WHEREAS, in early July, Governor Kemp embarked on a statewide “Wear a Mask Tour” flying to numerous Georgia cities to publicly emphasize the need for Georgians to wear masks;

WHEREAS, on July 6, 2020, Governor Kemp introduced the “Georgia Safety Promise,” a safety campaign to remind Georgia businesses and the public of following COVID-19 safety guidelines, including wearing face coverings;

WHEREAS, guidelines published by the U.S. Centers for Disease Control (CDC) recommend that all people wear cloth face coverings in public settings where other physical distancing measures may be difficult to maintain. The CDC also advises the use of simple cloth face coverings to slow the spread of the virus and help people who may have the virus and do not know it from transmitting it to others;

WHEREAS, the White House Coronavirus Task Force has repeatedly called for the wearing of masks to be mandatory in the State of Georgia;

WHEREAS, decreased transmissibility due to face covering use could substantially reduce the number of illnesses, hospitalization, and deaths and reduce the negative economic impact of the COVID-19 pandemic and the cost of the intervention of mandating the wearing of masks is extremely low;

WHEREAS, O.C.G.A. § 38-3-28(a) grants political subdivisions the power to supplement the Governor’s Executive Orders so long as such actions are consistent with the Governor’s Orders;

WHEREAS, this Ordinance is intended to be entered with due regard to the widely accepted, scientifically proven uniform principle that masks or facial coverings will slow the spread of COVID-19;

WHEREAS, pursuant to O.C.G.A. § 38-3-51, the Governor’s declared public health emergency authorizes the City Commission to use emergency powers in O.C.G.A. §§ 38-3-1 through 38-3-64;

WHEREAS, pursuant to O.C.G.A. § 38-3-6, during an emergency, O.C.G.A. §§ 38-3-1 through 38-3-64 are supposed to be liberally construed to effectuate their purposes;

WHEREAS, on August 15, 2020, Governor Kemp issued Executive Order 08.15.20.01 which specifically offers guidelines for local government mask mandates;

WHEREAS, the United States Supreme Court has previously held that “[u]pon the principle of self-defense, of paramount necessity, a community has the right to protect itself against an epidemic of disease which threatens the safety of its members;”

WHEREAS, the following actions related to requiring facial coverings in public are necessary and appropriate to balance the public’s interest in not being unduly burdened with the compelling public interest of providing for the health, safety and welfare of the residents of the City;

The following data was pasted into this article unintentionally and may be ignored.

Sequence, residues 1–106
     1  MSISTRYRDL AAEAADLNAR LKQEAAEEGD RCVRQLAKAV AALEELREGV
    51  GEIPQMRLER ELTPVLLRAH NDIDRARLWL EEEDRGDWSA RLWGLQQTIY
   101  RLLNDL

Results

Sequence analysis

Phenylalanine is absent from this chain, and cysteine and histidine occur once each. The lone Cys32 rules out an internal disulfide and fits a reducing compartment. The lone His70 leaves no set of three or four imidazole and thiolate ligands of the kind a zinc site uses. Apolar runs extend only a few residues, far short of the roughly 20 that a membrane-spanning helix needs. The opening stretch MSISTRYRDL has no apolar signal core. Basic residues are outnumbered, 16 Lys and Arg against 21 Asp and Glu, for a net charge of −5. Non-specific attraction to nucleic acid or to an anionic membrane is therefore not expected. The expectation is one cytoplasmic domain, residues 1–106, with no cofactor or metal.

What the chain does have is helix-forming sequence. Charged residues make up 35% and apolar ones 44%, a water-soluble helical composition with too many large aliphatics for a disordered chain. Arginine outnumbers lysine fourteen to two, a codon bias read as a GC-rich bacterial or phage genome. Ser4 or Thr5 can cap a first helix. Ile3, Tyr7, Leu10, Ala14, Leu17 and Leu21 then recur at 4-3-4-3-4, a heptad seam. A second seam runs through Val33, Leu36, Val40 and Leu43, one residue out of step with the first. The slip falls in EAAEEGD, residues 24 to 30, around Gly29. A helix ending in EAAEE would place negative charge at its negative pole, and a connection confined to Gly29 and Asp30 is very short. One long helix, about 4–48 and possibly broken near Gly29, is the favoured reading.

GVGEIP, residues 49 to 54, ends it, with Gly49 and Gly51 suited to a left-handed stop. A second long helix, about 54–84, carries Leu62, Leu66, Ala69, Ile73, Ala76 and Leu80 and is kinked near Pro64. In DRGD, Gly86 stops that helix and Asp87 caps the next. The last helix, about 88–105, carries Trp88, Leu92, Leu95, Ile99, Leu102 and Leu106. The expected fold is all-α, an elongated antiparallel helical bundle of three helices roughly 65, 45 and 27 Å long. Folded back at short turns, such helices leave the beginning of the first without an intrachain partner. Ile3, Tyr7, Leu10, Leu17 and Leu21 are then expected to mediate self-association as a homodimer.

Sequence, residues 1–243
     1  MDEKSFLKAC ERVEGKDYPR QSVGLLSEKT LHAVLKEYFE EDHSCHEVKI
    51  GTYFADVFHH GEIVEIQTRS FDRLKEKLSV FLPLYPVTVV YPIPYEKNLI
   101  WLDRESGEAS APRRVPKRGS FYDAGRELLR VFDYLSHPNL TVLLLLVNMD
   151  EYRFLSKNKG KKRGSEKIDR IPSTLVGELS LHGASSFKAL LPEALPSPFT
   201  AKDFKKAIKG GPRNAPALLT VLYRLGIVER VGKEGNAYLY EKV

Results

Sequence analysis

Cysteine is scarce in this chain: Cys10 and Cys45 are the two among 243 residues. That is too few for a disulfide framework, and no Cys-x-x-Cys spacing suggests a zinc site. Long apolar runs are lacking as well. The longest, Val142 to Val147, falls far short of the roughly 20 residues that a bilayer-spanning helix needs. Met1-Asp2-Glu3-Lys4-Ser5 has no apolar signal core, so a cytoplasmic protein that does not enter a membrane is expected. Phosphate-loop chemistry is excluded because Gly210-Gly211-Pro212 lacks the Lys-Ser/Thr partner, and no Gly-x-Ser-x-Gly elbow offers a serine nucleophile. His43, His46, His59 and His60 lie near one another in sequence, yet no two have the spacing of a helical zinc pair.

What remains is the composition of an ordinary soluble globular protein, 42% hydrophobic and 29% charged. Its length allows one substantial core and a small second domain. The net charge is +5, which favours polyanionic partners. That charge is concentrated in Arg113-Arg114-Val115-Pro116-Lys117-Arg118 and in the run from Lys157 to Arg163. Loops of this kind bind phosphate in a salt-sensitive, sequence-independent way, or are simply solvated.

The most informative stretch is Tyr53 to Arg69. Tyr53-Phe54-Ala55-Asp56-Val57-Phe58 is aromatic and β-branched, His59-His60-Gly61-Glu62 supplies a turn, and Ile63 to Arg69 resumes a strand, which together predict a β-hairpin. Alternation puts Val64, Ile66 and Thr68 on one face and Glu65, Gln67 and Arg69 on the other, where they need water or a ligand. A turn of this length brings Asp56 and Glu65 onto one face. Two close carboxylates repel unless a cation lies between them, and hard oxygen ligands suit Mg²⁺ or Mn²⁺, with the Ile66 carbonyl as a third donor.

WHEREAS, the goal of this Ordinance is to increase the usage of facial coverings and masks and not revenue generation; and

NOW, THEREFORE, BE IT ORDAINED that for the protection of members of the public, facial coverings or masks shall be required within the City to slow the spread of COVID-19 as follows:

SECTION 1.
(a) The provisions of this Ordinance shall only be enforced in the portions of the city that are located in a county in which the prevalence of confirmed cases of COVID-19 over the previous fourteen (14) days is equal to or greater than one hundred (100) cases per one hundred thousand (100,000) people according to the Georgia Department of Public Health.
(b) For purposes of this Ordinance, the following terms are hereby defined as follows:
(1) Entity means any private business, establishment, corporation, non-profit corporation, or organization, including the curtilage thereof.
(2) Facial covering or mask means a device to cover the nose and mouth of a person and impedes the spread of saliva, respiratory droplets, or other fluids during speaking, coughing, sneezing or other intentional or involuntary action. Medical grade masks are not required; coverings may be fashioned as advised by the CDC and from other suitable fabrics. The mask must cover the mouth and nose of the wearer.
(3) Polling place means the room provided in each precinct for voting at a primary or election.
(4) Public place means any place other than a personal vehicle, residential property, or an entity including the curtilage thereof.
(c) Except as otherwise provided in this Ordinance all persons in an entity or a public place shall wear a facial covering or mask over the mouth and nose at all times where other physical distancing measure may be difficult to maintain from non-cohabitating persons.
(d) Facial coverings or masks are not required in the following circumstances:
(1) In personal vehicles or upon residential property;
(2) When a person is alone in enclosed spaces or only with other household members;
(3) When the individual has a bona fide religious objection to wearing a facial covering or mask;
(4) While drinking or eating;
(5) When a licensed healthcare provider has determined that wearing a facial covering or mask causes or aggravates a health condition for the individual or when such person has a bona fide medical reason for not wearing a facial covering or mask;